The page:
With the number of pianists whose style stems directly from Keith Jarrett, it's easy to forget that his biggest influence was Paul Bley. While Jarrett has moved on to forge his own personal aesthetic, Bley was the one first provided a more lyrical alternative to Cecil Taylor's aggressively cathartic free play: a more thoughtful, considered improvisation as comfortable with the spaces between the notes, and the quality and overtones of their decay, as with the actual notes themselves.
Since emerging in the latter half of the '90s, pianist Greg Burk has bypassed the Jarrett way station and developed his own approach that links more directly to Bley's vision of spontaneous composition. Unlike Bley, however, who rebels completely against the concept of written music, Burk believes in creating preconceived foundations for more extended improvisations. Nowhere is this more evident than on Nothing, Knowing, his fourth disc as a leader since '01 and his most fully realized effort to date.
Back from his previous trio date, '02's Checking In, is drummer Bob Moses, who seemed to be all over the scene in the '70s but has kept a lower profile in recent years. But what makes Nothing, Knowing especially memorable is the inclusion of electric bassist Steve Swallow. Swallow worked with Moses in vibraphonist Gary Burton's adventurous mid-'70s group with guitarists Mick Goodrick and a wet-behind-the-ears Pat Metheny, and their synergistic instincts remain remarkably intact, even after thirty years.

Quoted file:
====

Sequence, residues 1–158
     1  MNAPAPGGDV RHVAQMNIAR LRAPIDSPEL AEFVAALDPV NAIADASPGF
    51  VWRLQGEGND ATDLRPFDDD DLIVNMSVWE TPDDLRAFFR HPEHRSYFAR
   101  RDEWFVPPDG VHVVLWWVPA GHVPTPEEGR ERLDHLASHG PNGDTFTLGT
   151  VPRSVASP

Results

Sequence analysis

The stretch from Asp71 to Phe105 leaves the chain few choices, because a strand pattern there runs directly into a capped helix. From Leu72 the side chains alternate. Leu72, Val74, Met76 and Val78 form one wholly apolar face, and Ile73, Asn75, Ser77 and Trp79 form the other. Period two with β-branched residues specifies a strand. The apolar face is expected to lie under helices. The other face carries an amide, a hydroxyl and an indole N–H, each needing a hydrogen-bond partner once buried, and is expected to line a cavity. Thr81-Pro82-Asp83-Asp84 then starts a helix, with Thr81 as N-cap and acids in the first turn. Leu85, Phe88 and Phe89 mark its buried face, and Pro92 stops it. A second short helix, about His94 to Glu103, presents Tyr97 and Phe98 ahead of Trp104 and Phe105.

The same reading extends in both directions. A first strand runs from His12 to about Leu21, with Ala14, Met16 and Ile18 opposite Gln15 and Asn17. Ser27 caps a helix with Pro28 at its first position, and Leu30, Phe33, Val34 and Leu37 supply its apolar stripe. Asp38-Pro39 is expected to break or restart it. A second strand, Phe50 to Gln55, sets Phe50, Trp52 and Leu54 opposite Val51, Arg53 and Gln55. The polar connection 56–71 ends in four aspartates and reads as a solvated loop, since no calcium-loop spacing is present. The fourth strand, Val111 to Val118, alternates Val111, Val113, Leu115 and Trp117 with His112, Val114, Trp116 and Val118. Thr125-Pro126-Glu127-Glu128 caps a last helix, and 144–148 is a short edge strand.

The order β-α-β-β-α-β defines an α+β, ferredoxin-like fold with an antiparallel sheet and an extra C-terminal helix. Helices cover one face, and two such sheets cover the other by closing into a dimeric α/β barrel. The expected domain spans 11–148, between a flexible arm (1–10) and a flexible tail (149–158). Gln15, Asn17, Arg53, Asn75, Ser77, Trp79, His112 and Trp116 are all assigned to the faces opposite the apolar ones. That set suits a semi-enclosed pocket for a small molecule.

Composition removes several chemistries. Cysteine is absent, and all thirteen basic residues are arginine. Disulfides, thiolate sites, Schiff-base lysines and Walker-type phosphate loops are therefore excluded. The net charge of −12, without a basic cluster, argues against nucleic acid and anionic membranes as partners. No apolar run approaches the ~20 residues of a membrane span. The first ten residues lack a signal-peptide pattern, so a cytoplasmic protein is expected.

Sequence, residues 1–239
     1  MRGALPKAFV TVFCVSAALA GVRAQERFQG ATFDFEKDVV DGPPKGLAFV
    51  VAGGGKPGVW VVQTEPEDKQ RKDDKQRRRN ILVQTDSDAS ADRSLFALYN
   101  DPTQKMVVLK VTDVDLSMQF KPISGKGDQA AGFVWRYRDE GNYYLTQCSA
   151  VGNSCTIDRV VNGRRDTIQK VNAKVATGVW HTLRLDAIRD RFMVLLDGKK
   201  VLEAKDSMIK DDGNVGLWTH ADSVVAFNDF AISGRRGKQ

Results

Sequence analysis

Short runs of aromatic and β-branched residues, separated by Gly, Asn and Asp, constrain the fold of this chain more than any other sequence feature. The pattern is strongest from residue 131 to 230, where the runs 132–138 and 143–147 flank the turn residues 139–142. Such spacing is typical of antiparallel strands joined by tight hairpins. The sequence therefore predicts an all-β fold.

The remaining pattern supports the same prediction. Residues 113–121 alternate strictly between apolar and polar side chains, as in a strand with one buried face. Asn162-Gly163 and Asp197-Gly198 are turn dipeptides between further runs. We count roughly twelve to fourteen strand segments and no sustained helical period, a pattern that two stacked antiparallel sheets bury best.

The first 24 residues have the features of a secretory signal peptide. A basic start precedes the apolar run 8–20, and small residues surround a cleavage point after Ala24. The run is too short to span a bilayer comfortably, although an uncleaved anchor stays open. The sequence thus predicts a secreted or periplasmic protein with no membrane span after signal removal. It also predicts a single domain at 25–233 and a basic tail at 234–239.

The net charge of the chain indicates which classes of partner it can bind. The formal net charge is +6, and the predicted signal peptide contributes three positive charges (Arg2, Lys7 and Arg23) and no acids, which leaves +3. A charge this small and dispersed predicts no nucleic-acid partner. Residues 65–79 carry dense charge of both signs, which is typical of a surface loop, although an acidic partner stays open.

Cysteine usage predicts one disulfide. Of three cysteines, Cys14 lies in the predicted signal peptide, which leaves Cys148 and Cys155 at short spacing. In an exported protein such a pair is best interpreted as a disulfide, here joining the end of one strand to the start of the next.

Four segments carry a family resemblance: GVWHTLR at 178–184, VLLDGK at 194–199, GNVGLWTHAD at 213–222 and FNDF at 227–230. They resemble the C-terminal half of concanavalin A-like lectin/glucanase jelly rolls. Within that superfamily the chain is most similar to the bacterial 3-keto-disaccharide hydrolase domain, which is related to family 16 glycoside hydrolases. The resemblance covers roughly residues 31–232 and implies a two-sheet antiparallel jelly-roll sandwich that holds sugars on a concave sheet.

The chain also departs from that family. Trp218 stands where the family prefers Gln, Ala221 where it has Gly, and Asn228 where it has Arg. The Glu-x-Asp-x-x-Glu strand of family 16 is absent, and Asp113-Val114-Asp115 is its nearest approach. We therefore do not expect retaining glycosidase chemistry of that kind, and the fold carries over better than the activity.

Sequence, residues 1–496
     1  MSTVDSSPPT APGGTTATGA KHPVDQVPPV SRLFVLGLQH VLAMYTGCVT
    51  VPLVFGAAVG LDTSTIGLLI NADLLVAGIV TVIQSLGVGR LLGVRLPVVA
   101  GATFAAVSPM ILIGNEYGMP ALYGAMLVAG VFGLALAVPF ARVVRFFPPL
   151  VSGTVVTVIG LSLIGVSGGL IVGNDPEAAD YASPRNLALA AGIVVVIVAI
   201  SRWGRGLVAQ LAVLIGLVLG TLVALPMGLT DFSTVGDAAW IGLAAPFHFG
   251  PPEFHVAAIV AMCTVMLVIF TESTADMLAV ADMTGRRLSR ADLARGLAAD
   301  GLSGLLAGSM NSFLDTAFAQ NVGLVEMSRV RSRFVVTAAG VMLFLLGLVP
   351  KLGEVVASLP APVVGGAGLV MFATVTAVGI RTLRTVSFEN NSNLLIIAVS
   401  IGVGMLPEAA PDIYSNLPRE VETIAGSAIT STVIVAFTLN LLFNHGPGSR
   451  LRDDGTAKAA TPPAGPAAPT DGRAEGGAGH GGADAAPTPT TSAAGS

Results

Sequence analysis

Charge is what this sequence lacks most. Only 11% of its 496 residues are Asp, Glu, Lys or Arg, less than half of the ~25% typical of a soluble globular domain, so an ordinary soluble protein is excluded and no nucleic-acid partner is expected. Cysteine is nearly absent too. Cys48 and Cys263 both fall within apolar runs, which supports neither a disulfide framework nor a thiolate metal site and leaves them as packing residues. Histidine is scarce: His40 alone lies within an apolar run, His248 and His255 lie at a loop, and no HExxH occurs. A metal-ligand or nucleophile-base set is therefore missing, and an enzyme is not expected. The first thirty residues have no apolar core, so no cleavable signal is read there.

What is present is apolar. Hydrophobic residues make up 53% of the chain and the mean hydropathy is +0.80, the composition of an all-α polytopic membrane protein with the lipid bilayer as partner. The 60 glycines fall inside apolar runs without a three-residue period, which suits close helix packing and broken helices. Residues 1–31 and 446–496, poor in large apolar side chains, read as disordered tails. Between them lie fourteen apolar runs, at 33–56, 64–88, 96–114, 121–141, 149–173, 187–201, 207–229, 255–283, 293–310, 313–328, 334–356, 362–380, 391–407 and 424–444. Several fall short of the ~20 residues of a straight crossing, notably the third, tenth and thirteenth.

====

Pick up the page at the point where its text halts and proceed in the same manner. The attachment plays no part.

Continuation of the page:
While there's nothing especially new in the concept of boundary-blurring between form and freedom, Burk's take reflects not only his extensive jazz background, but a classical upbringing as well, the result of being born to parents both actively involved in classical pursuits. There's a certain contrapuntal nature to Burk's charts and the way the trio improvises that should come as no surprise when one recalls Bouncing Bach, his group with guitarist Garrison Fewell that examined the music of Bach from a jazz vantage point.
Burk's multifaceted exposure is evident in the breadth of writing on Nothing, Knowing. The rubato tone poem "Blink to Be is reminiscent of pianist Bobo Stenson's '70s work with saxophonist Jan Garbarek; "Old Souls sounds equally like an ECM outtake from the same period. In direct contrast to the abstract impressionism of these pieces is "Prelude to Surrender demonstrating a skewed tip of the hat to stride and even a hint of ragtime, all within an open-ended contextand "Operetta, which orbits the closest around the mainstream. The album's nineteen-minute centrepiece, "Truth be Bold, manages to act as a link between these seemingly disparate universes, showing just how vividly the trio communicates, persistently evolving throughout the piece. Throughout, Burk's seemingly paradoxical ability to sound both considered and unfettered is a marvel.
A lot of piano trio recordings are released every year, but for sheer scope and unencumbered interplay that magically retains a sense of lyricism throughout, Nothing, Knowing stands out from the rest: continued evidence that Burk, while still relatively young, has all the makings of a musical giant.
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